It’s a brilliant mini-series written by Mark Millar (you know him from the Wanted and Kick-Ass movies) and drawn by Steve McNiven. However the issue that pulled my heart strings the most, was actually an issue of the first volume of “New Avengers” written by Brian Michael Bendis.

New Avengers by Brian Michael Bendis

New Avengers by Brian Michael Bendis

New Avengers by Brian Michael Bendis

Luke later on in this issue, convinces Jessica Jones to take their daughter out of the country. Luke Cage  saying goodbye is the most heartbreaking thing on the face of the planet.

Now this series came out in 2006-2007. We as a country were already halfway through a decade plus long war (Iraq, Afghanistan) we were tired of it. Tired of the politicians. This was also the beginning of the  2008 political campaign.  If you take a look at people’s sentiments at this time, especially around the time this series came out.. you can feel the build up of resentment, anger and frustration pour not only out of us, but out of this book.

A hundred years or so from now, people will be looking at this books and making correlations to what was going on at the time. Just like a lot of us did with Shakespeare or books like “A Tale of Two Cities” or “Homer” while we were in school. Actually, I have sat through classes that dissect comics like this already.

So go and pick up a comic book. There are plenty out there that are non-superhero, superhero, horror or just plain goofy. Not only will it give you the mental/emotional distraction that you need, but you will be contributing to our cultural zeitgeist for your grandkids, great-grand children to stare and dissect.  Support these writers and artists who are telling stories about our society in a unique and interesting way that, until the birth of comic strips here in the good ol’ USA, was never even thought of. Things like this will survive for decades to come to explain how our society is NOW.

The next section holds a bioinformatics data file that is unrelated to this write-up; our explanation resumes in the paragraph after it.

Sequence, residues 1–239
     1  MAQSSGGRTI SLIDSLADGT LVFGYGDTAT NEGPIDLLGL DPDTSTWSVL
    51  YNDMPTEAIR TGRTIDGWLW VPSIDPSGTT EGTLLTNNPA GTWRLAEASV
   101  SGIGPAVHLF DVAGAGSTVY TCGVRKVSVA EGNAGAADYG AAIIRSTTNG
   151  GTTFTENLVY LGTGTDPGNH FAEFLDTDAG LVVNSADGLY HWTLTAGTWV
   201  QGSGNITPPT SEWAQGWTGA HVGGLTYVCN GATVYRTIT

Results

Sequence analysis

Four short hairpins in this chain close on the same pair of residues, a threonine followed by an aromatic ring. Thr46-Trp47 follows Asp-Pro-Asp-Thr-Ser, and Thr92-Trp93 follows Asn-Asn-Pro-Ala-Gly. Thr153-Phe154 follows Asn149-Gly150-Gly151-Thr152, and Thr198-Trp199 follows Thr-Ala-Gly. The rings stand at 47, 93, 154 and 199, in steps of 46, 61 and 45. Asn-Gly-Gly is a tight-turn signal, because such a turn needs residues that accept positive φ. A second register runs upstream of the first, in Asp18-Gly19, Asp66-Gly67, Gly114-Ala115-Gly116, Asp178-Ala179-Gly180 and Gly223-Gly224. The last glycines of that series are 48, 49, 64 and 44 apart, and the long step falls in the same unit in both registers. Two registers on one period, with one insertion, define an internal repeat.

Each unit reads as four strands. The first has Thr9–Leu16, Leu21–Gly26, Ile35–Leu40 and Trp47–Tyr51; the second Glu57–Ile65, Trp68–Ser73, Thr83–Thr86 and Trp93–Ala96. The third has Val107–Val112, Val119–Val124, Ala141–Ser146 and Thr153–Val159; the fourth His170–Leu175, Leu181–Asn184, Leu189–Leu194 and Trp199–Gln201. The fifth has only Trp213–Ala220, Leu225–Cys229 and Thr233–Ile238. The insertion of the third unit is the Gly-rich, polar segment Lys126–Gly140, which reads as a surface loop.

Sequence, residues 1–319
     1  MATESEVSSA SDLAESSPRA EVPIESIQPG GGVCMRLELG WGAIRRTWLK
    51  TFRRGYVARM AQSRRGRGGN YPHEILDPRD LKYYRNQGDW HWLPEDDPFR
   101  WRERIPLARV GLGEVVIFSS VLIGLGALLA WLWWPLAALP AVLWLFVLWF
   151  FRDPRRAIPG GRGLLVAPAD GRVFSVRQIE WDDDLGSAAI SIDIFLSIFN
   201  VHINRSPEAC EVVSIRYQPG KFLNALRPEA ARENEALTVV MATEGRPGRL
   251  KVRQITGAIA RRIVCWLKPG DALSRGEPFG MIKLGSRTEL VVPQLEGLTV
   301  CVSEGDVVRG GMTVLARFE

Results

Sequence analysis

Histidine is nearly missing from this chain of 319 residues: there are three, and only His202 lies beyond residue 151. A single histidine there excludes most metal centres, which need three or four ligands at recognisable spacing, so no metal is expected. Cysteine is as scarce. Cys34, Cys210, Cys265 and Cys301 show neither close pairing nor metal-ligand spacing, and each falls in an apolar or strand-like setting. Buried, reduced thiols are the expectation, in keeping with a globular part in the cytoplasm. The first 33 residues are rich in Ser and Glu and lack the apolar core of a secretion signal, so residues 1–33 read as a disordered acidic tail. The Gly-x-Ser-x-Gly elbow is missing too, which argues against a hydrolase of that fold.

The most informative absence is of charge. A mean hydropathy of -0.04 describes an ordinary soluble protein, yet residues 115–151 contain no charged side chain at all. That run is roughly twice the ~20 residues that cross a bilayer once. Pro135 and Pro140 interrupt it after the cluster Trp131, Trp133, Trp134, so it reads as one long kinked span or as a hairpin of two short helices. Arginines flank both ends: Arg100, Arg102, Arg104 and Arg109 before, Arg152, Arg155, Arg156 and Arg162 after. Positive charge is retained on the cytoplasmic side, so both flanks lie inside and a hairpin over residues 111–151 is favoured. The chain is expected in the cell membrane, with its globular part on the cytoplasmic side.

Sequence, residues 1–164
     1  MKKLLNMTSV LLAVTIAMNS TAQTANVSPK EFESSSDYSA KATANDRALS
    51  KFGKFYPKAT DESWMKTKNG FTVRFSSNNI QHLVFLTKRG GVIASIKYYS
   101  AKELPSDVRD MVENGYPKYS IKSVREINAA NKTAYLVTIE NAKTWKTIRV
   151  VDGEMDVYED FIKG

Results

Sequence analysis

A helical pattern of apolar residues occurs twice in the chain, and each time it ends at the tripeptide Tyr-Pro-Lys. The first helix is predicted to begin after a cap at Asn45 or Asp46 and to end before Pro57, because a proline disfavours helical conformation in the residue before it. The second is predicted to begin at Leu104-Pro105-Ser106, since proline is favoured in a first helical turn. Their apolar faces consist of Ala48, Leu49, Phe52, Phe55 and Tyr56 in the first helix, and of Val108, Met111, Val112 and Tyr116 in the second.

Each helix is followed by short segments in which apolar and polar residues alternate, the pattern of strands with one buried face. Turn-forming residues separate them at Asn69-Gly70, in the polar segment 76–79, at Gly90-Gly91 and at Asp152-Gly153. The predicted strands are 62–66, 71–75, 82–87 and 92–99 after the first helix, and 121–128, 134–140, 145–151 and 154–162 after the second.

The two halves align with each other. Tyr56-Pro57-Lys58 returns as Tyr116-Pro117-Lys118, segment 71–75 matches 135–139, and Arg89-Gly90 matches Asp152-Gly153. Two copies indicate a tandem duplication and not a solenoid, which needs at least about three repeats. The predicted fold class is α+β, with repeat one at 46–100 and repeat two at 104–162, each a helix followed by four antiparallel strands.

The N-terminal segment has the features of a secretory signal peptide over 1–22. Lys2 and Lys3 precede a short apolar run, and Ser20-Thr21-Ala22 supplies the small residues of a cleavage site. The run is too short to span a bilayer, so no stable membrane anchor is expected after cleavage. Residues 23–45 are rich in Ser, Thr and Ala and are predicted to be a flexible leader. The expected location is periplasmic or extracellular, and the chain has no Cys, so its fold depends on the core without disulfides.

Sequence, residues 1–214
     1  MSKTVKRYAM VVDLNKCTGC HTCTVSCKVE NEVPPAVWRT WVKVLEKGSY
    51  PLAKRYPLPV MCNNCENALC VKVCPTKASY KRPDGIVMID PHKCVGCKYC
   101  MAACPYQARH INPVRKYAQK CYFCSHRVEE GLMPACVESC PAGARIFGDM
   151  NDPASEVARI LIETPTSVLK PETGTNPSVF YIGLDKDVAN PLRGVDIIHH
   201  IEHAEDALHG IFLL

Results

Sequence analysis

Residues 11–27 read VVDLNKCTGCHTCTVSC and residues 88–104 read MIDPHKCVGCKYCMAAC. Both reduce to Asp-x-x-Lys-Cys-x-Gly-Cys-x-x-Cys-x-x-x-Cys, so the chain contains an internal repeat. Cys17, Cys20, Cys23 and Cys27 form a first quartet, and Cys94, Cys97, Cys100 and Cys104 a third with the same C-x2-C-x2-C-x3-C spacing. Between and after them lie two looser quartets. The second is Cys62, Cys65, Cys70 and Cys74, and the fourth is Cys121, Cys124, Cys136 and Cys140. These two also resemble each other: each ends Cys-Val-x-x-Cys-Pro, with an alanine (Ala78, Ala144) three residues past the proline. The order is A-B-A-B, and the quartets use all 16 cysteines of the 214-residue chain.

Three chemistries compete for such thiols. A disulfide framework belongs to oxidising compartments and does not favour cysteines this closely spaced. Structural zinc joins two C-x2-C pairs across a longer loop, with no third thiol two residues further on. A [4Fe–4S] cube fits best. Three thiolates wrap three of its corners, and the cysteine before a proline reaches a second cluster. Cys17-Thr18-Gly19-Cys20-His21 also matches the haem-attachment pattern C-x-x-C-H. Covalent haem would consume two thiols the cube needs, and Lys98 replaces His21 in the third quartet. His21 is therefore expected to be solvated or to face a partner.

That’s why Comic Books Rock- they are an ongoing, evolving, time capsule.

I am quite tired of people looking at me funny when I tell them I am an avid comic book reader. Some cases they are surprised and thinkDr. Fredric Wertham “You are a chick, you shouldn’t like comic books”. However, most of the time, it’s because- despite recent films and tv shows-comic books still get a bad reputation.

Why is that? Well thank you Dr. Fredric Wertham.

Who’s that?

Well, here’s a little history for you: Back in the early 1950’s Dr. Wertham printed a book called “Seduction of the Innocent“. Before this book came out, comics like “Superman” or “Captain America” would each sell a million copies a month. Comics were the coolest thing since sliced bread back then. Heck- they were even part of rations for soldiers back in World War One and World War Two.

Like that cover isn't going to make parents wonder...

Like that cover isn’t going to make parents wonder…

Then this book came out. I know recently you must have heard that “Oh, its violent video games that make kids shoot each other. Or Marilyn Manson. Or Eminem” *eyeroll* I hear this way too much being in Chicago. But it is not true. It’s just regurgitated bad thinking and bad “expertise” back from Wertham.

If you can find a copy of “Seduction..” (which is rare) read it. If you are a comic book fan, you will laugh your butt off.  But for those who have never read it (or can’t find it) I will boil the book down for you ( I have read it).  Wertham’s argument for the rise of juvenile delinquency back in the late 1940’s/ early 1950’s was because of….. comic books. There is an argument in his book that little boys that read ” Batman” will become homosexual.

I kid you not. I really wish i was joking about this. In his book, and later on in his testimony, if you look at the examples that he gives of how comic books ruin children, its twisted to his argument. His “examples” are parts of panels blown up- like (for a current example) a panel of Spider-man swinging through Manhattan that is is normal as could be- Well Wertham would have taken just the crotch shot of the picture and blown it up.

If you read the book, the “research” that Dr. Wertham did was questionable at the least. All the kids he had in his study grew up in Harlem. One neighborhood of a major city in the country. He did not do test groups all over the country- just the kids that came into his clinic in Harlem, New York.

Right there, that should have been questioned. But I digress- the one thing all these kids had in common besides being troublemakers was that they read comic books. So of course Dr. Wertham made the correlation if you are a bad kid that beats others up, it has to be from the comic books you are reading!  But… there were over a million copies of a single title sold in a month. It would have been easier to find kids who didn’t read comic books!